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Minister’s Letter                    November 2014       




aAs I sit down to write this letter I do so after reflecting on this morning’s service when members of the Finance Group helped lead the worship.  They chose the hymns, read the Scripture lessons, lead prayers and spoke on the subject of Stewardship.  As I have reflected on what our Treasurer David Cruikshank shared with us, I am also aware that with this issue of the Torch you will receive information about Stewardship – and so I want to encourage you to please read it and also take the time to reflect on it too.


When people think of Stewardship they tend to think primarily of money, but David highlighted to us all that it was more than that, as he spoke of the giving of our time and talents too.


When you read the Gospel of Mark you will find within the fourteenth chapter, the story of a woman named Mary and her alabaster jar.   (Mk 14:3-9).


I want you to think about that alabaster jar for a moment.   For you see, the truth is, we all have an alabaster jar.   They come in different shapes and sizes, and sealed within is all that we prize – our treasured earthly possessions.   Occasionally, we break the seal, remove the lid and share – as we know we ought.    But we do so carefully, with great control, anxious to get the lid on as quickly as possible.   So much of life seems to be spent preserving and conserving what we hold in our alabaster jar.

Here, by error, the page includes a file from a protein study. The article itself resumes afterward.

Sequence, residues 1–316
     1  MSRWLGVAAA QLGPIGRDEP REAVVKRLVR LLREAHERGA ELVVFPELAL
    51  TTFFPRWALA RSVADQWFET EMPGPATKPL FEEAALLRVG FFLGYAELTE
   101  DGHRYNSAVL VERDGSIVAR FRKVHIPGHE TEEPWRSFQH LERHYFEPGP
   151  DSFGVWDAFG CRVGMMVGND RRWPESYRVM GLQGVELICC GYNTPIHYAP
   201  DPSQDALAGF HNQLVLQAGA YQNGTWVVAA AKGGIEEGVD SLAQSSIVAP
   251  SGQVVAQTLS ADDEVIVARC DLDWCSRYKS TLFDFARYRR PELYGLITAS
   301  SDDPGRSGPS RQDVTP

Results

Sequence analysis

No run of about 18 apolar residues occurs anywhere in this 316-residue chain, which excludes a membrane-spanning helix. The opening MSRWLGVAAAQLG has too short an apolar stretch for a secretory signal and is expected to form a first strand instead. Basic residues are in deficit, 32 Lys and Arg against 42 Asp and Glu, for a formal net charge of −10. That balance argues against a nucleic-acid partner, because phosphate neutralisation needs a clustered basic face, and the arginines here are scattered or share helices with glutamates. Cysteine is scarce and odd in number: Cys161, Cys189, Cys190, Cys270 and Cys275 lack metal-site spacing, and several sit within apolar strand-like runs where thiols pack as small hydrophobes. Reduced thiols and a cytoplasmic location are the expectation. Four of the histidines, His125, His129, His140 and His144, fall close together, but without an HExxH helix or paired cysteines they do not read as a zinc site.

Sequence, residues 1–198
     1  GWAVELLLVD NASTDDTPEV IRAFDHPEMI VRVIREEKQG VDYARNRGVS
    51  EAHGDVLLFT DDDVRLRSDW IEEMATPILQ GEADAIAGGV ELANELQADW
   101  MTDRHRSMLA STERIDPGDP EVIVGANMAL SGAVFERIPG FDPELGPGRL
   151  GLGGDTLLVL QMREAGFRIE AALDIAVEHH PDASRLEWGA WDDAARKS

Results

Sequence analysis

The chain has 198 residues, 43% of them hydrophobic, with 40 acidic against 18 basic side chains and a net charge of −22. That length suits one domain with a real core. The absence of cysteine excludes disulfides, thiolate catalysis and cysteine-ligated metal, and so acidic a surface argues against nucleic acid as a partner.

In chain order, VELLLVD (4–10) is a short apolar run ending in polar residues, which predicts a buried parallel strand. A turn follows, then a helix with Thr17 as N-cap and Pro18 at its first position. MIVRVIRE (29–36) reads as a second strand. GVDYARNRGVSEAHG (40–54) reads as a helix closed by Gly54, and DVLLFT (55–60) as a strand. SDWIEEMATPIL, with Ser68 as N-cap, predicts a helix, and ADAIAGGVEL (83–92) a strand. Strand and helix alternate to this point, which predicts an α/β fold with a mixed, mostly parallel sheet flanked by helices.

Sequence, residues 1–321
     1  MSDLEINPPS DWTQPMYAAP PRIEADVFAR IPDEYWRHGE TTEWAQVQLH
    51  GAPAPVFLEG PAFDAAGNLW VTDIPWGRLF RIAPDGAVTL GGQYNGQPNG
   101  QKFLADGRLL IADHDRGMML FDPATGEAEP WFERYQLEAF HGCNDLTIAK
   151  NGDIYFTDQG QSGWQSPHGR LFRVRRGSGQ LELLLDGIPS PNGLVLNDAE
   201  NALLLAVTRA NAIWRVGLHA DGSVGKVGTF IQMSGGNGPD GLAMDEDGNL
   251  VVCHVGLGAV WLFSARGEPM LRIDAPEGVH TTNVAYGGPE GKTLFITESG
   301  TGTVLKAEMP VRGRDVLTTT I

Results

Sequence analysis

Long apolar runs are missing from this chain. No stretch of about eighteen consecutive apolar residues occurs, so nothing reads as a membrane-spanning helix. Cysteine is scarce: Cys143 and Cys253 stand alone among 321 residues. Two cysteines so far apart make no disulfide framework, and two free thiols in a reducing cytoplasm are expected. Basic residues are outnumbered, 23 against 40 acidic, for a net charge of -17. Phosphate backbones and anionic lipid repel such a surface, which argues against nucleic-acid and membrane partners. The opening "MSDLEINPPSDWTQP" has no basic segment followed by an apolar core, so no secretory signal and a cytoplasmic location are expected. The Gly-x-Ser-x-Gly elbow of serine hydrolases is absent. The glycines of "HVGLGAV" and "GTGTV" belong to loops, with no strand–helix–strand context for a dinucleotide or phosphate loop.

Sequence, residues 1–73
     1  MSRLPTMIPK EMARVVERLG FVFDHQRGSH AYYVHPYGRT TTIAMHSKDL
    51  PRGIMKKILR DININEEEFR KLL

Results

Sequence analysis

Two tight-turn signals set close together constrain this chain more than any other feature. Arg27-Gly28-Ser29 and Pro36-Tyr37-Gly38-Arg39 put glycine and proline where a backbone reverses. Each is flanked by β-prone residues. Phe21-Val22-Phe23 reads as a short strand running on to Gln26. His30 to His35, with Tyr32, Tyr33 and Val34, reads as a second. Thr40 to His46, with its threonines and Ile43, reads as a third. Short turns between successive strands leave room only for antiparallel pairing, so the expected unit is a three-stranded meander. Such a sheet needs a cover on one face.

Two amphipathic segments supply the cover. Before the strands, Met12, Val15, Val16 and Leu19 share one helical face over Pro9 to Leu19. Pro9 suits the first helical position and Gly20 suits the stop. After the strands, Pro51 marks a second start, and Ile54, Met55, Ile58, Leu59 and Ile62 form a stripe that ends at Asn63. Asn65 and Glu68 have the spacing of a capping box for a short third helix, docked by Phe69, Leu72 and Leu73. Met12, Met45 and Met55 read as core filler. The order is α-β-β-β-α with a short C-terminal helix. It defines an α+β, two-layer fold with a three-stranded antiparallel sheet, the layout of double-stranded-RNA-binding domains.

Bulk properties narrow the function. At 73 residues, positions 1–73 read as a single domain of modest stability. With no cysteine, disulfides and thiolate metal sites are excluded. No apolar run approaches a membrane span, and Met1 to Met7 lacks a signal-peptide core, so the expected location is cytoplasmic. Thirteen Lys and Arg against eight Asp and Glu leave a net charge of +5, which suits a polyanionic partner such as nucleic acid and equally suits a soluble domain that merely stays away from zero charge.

Mary’s gesture should make us stop and think, for it brings with it the question of good stewardship that everyone must answer – “What will you do with your alabaster jar?”


Ultimately, good stewardship is not only a matter of wise money management and responsible giving.   It is a matter of extravagant love.   As Christ died on the cross, he poured out his love extravagantly for us - for he died for us.    


How do we respond to his extravagant gift of love?   What should we do in return?   In the words of one author …


“The Saviour had come to earth to break an alabaster jar for humanity.   And Mary had come that night to break one for him.   It was a jar he never regretted breaking.   Nor did she.”


And if we break our alabaster jar and share what it contains, then nor will we.

Lois Cheney in her book, God Is No Fool, tells about a man who tried not to get too involved in things, who tried to keep life at arm's length.

“He decided not to love too much because love cost too much. He decided not to dream too much because dreaming only brought disappointment.   He decided not to serve too much because serving got your hands dirty.   He decided not to give too much, because giving meant sacrifice. When he died, he presented his life to God--undiminished, unmarred, and unsoiled by the messiness of the world.    He proudly said, “God, here is my life!” And God replied: “Life? What life?”

I wonder how much we could impact God’s kingdom if we each opened our alabaster jars and shared freely of our time, our energy and yes, even our earthly possessions.   I wonder too how our own lives would be impacted.


Until the next time - The Lord, bless you and keep you.


Your minister ...


Mary Haddow.




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